Google gives a lot of software away for free. At least, there’s no price, but there is a cost. Apple has just joined the free gift parade. What’s it really going to cost us?
Hardware? Or, Software?
There has long been a debate about whether Apple is a hardware company or a software company. Until recently, it was easy to argue either one. Those days are over.
Apple is a hardware company. Yes, Apple is a world class software developer, but the company’s bread and butter and profits come from hardware.
There once was a time when Mac users would stand in line at the Apple Store to pay over $100 for the latest version of OS X.
Today, we simply need to click a button in the Mac App Store to get the latest, OS X 10.9 Mavericks. It’s free and runs well on more older Macs than expected.
Why did Apple decide to give away OS X Mavericks instead of selling it for the bargain basement price of, say, $20? Customer loyalty, and a sign of the times.
We’re moving quickly into the post-PC era where Windows PCs and Macs are less relevant than in years past. Steve Jobs described PCs as trucks, compared to the cars of iPhone and iPad– mobile computing.
Stop Sales Slide
Apple would prefer to stem the tide of dropping Mac sales and one way to do that is to further differentiate the Mac with lower prices (on new MacBook Air, MacBook Pro, and iMac models), and give away apps for free.
No, I’m not talking about Safari or Mail or Calendar or Contacts. Apple is making free that which once had a price tag. For Mac and iPhone and iPad, almost everything but the Pro apps are now free.
Free iWork– Numbers, Pages, Keynote (and free to use online in iCloud). Free iLife– iMovie, iPhoto, Garageband. Plus, there’s all the free basic apps Apple distributes– Mail, Safari, Calendar, Contacts, Apple Maps, iBooks, iBooks Author, and many others.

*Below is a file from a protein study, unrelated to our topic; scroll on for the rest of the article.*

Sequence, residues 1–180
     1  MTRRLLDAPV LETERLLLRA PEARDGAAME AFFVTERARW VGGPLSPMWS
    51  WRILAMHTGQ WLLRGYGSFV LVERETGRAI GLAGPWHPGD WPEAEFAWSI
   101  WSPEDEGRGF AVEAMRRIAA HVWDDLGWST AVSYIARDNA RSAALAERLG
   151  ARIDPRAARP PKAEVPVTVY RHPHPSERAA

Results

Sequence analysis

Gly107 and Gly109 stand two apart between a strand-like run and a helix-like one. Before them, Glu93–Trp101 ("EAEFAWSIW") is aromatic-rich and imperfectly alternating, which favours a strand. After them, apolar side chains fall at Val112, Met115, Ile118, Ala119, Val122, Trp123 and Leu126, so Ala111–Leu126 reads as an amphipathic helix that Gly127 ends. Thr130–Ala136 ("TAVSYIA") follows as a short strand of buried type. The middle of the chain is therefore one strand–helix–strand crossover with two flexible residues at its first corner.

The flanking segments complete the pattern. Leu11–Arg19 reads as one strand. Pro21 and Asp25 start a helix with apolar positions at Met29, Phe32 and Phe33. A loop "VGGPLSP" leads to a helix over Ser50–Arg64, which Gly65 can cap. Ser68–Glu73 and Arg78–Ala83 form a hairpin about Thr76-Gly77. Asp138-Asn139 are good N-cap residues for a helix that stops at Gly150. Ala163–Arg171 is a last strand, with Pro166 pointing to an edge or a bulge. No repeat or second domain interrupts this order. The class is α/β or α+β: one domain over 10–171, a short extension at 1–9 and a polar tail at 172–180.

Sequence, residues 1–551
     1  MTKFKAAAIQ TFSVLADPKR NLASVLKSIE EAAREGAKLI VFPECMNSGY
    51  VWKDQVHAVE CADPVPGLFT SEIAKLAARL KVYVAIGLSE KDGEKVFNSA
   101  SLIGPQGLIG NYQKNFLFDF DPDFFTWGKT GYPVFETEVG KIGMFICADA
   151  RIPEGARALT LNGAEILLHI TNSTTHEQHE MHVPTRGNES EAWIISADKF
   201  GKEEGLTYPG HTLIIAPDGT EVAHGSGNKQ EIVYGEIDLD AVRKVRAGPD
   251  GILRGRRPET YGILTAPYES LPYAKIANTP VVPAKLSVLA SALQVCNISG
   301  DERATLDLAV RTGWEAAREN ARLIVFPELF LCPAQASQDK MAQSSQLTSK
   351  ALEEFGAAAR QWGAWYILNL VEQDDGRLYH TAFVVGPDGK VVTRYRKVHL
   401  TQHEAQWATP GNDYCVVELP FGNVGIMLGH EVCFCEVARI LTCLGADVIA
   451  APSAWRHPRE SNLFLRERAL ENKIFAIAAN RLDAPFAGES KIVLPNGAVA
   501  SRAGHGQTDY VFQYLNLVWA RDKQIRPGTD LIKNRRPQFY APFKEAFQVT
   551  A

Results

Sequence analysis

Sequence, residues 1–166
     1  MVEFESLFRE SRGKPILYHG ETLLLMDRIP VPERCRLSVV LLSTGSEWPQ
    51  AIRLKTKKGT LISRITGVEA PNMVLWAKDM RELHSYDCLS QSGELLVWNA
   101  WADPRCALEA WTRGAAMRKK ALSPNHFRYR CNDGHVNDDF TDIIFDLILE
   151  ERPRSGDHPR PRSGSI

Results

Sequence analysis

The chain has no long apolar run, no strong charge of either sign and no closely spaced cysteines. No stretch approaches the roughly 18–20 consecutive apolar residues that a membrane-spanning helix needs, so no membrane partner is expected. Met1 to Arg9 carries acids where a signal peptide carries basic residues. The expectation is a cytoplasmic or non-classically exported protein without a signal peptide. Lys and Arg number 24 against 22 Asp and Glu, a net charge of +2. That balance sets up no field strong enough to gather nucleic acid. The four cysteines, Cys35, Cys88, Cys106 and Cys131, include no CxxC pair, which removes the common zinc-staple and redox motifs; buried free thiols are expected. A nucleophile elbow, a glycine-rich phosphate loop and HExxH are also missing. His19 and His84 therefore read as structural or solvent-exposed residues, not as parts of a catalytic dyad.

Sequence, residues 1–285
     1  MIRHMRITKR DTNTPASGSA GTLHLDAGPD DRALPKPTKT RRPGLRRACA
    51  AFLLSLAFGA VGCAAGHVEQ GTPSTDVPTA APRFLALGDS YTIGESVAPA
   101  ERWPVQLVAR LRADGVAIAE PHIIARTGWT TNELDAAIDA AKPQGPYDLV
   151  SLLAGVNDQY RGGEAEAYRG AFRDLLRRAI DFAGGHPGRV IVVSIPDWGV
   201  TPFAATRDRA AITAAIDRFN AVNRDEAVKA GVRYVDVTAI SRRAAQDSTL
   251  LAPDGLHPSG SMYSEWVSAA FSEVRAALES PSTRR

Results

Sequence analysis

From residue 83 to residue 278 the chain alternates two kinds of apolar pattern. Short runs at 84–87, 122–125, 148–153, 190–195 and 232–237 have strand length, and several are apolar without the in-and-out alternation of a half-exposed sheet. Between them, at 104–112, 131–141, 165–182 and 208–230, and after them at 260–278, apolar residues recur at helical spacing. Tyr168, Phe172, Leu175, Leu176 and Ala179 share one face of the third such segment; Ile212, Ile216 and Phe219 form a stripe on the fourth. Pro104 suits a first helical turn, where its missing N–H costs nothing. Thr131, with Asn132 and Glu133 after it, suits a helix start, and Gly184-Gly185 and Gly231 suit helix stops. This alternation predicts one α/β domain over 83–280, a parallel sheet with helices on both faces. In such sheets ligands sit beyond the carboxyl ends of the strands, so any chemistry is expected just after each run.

Again, it’s a sign of the times. Free apps for the Mac differentiate Apple’s former breadwinner from Windows PCs, where Windows costs $199, and Office has a price tag. Buy a Mac, get the same thing for free.
What about iPhone and iPad?
Hidden Software Costs
Google is the anti-Christ when it comes to free apps with a hidden cost. At least with Apple, you know the higher hardware prices subsidize the cost of software development. Google provides many free apps– ranging from Android OS for smartphone and tablet makers, to Chrome and Chrome OS, to Maps, Docs, YouTube and much more.
Users pay by viewing advertisements, and by giving up information to Google which then monetizes the data to the tune of billions in profits. Google and Amazon are known for selling hardware at near the cost of manufacturing– with free apps– in the hopes of making a profit on content and data. That model hasn’t worked out well so far, but neither has Microsoft’s desire to license Windows Phone.
Apple can afford to give away iOS and OS X and a host of popular and much beloved applications because the company has admitted it’s a hardware company. Software is there to help sell the hardware. Just like Google.